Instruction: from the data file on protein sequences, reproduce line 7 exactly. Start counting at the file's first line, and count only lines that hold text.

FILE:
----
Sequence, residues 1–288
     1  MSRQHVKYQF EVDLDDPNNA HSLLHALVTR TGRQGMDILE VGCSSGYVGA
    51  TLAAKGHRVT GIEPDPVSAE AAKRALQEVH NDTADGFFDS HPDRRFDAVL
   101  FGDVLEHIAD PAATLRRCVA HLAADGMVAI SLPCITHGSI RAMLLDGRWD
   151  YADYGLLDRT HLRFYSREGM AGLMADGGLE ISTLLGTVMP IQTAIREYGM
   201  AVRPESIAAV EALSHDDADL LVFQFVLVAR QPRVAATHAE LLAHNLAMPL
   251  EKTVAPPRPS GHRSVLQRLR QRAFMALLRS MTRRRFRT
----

   251  EKTVAPPRPS GHRSVLQRLR QRAFMALLRS MTRRRFRT